The green shoots have roots. That seems to be the upshot of reaction to Standard Bank’s announcement this week that it is relaxing its lending criteria and will be offering 100% home loans on certain purchases up to R1,5 million.
Previously property pundits were sceptical of a residential market recovery saying the green shoots had no roots.
While Standard Bank’s offer only applies to clients of property priced up to R1,5 million, it has generated enthusiasm and hope in a stressed market.
“Hats off to them,” says an upbeat Simon Stockley, the chief executive officer of home loan provider Integer. “It’ll help drive positive sentiment and facilitate recovery, so this is to be welcomed.” Stockley says the move is part of a process of general stabilisation and recovery. “Recent FNB data supports the view that the market has bottomed out – or at the very worst the rate of property price decline has slowed – and we’re beginning to see pockets of recovery emerging. It is early stages, but the signs are positive.”
Liquidity remains tight for all lenders, however, and all are likely to remain cautious in the face of increasing levels of consumer debt and distress, he says.
Luthando Vutula, the head of Home Loans at Absa, says that in the affordable housing market, Absa has already started providing clients with incomes up to R11,000 with home loans of 110%. “So this isn’t really anything new. What’s important to us is that we are able to provide a sustainable value proposition: loan-to-value ratio (LTV) is only one factor. Price and service are also part of a bank’s value proposition. While we’re very positive about the economy, we can’t discount the fact that in July we had negative house price growth of 4.2% and we expect house prices to decline between 3 and 3.5% for the full year.
“Yes, inflation is down and interest rates are down, but jobs are still being shed, so prudent lending is still our cornerstone.”
The move to relax deposit requirements is a positive for prospective homebuyers and for the property market. Over the past four months, the major lenders have begun to relax lending criteria, including deposit requirements.
“ooba has seen a 36% increase in home loans granted from April 2009 to August 2009. In each month from April to August we have seen the first consecutive monthly increases in application volumes since May 2007. ooba also experienced a surge in the number of home loan applications over the same period,” the mortgage originator told Private Property.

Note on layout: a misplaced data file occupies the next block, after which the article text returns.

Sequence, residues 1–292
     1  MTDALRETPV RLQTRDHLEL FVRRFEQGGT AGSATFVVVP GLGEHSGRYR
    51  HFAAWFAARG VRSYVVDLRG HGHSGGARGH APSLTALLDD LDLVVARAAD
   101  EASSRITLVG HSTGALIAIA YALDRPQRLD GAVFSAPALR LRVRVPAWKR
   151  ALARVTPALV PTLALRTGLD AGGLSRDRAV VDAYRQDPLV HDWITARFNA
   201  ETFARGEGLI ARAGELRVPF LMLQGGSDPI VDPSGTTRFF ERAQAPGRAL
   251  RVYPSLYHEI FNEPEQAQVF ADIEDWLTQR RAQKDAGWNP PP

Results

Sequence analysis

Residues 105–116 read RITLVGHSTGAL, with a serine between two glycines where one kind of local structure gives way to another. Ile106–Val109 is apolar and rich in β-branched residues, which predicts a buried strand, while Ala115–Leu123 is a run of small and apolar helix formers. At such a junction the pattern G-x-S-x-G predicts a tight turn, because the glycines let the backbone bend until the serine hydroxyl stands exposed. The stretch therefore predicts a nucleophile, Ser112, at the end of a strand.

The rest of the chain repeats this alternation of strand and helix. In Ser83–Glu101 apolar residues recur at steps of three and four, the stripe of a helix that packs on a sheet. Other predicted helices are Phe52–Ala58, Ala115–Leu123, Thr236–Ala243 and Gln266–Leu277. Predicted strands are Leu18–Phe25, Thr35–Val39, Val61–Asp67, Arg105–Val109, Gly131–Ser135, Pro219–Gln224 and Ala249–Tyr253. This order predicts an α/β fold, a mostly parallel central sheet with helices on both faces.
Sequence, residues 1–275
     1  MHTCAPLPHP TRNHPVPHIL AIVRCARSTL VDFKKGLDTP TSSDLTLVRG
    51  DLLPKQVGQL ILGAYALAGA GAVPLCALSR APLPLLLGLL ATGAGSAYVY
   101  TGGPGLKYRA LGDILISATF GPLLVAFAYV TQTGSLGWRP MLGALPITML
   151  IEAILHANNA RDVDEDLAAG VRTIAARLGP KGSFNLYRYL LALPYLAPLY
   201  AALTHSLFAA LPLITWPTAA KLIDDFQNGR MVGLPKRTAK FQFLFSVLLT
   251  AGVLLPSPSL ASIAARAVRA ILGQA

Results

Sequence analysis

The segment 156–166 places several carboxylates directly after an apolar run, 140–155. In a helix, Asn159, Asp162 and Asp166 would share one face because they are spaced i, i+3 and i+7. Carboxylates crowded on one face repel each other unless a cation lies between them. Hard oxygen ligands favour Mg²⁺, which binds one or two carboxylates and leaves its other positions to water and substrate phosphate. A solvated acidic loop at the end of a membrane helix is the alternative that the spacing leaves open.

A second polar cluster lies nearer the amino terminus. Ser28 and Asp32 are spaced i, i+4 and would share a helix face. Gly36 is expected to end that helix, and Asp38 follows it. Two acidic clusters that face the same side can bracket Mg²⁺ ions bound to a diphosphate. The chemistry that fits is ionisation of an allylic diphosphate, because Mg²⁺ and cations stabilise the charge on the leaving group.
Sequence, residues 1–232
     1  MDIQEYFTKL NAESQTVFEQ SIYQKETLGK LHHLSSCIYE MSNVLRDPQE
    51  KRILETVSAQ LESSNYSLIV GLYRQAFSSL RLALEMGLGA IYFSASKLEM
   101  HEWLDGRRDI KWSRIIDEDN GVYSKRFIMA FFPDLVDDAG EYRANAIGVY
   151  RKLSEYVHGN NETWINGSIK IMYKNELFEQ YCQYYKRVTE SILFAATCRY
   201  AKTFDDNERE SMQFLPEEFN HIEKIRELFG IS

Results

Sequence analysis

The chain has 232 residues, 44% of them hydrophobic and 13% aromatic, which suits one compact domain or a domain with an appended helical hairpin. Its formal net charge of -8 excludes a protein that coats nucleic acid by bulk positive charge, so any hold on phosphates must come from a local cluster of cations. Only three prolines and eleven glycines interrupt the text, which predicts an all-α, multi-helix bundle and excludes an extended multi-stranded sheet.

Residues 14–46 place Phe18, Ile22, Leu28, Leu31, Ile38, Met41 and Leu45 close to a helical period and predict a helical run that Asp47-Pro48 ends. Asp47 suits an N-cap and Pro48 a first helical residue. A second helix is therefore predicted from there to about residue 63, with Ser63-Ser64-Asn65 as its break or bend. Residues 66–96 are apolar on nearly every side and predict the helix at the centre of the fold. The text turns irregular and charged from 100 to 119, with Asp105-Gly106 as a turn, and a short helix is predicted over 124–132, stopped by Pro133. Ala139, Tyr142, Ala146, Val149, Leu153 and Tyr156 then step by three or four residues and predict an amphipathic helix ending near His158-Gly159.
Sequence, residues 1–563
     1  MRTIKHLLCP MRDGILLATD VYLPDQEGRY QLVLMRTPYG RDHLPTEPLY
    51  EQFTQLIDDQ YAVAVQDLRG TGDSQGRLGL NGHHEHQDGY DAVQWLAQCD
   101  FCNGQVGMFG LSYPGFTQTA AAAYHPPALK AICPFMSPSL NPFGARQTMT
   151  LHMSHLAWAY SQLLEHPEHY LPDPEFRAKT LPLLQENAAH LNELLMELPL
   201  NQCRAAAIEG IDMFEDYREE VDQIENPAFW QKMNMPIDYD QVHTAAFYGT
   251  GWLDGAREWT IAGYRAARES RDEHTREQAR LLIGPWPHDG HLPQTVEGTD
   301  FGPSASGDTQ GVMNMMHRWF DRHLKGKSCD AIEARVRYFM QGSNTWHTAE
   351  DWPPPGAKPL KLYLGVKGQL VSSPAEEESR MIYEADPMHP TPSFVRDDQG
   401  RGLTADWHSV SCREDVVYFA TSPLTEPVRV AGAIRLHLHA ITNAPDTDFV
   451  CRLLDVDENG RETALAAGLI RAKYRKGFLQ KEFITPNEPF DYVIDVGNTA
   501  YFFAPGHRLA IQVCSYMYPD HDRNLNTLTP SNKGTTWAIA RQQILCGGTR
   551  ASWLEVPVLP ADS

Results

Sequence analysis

One of the biggest drivers of a market recovery is bank lending. ooba said it had recently seen a “definite improvement” in competitiveness between the banks and an increase in approval rates across the board.
“Banks are beginning to target non-bank clients and rate concessions are more aggressive. We have seen a significant improvement in the performance in ooba’s mortgage origination business over the last four months with increases in volumes. We expect continued positive results going forward. Our view is that the market is on the road to recovery,” ooba said.
Economist Doret Els, of financial services company Quantum Wealth, is not surprised that Standard Bank has relaxed its risk criteria. She says that although this move was expected, it’s going to go a long way to support the residential market in years to come.
“The cumulative lowering of 500 basis point in the prime interest rate since December last year has significantly reduced the cost of mortgage loans. House prices have also declined in both real and nominal terms recently. These lower house values combined with lower interest rates and improved willingness from banks to extend home loans will do much to support the residential market over the long term.”
That said, Els adds that it would be premature to crack open the bubbly and go house hunting. She warns consumers to remain cautious, particularly those at risk of overextending themselves.
“Over the short term some risks to the market do exists; including the difficult economic environment and possible increase in unemployment, as well as high existing household debt levels.”
One person who isn’t cheering on the banks is The Bond Man’s Gary Peterson. “Whilst I think it’s an important move to restore confidence in the property market, I don’t agree with the culture that allows people to acquire property without putting down a cent of their own money. I am surprised that this free-for-all has returned to our mortgage industry so soon after the practice was withdrawn by all banks. We just need another dip in the property market and first-time buyers will be sitting in a negative equity situation.”
Peterson said he would have preferred to see a bank offering a preferential interest rate to first-time buyers, and making property more affordable that way, as they do in the United States.
Standard Bank previously required a deposit of 5% to 10% on property purchases valued up to R1, 5 million. Yesterday it said it would offer 100% loans on properties up to R1,5 million and 104% on R1 million purchases to first-time homeowners.
According to media reports, Standard Bank said the advent of the National Credit Act (NCA) in mid-2007, coupled with the global banking crises prompted SA banks to lower LTV requirements on mortgages to anything between 60% and 95%, depending on price, type of property and location.
Standard Bank said although the economy was still in distress, there were enough positive signs to increase its risk appetite.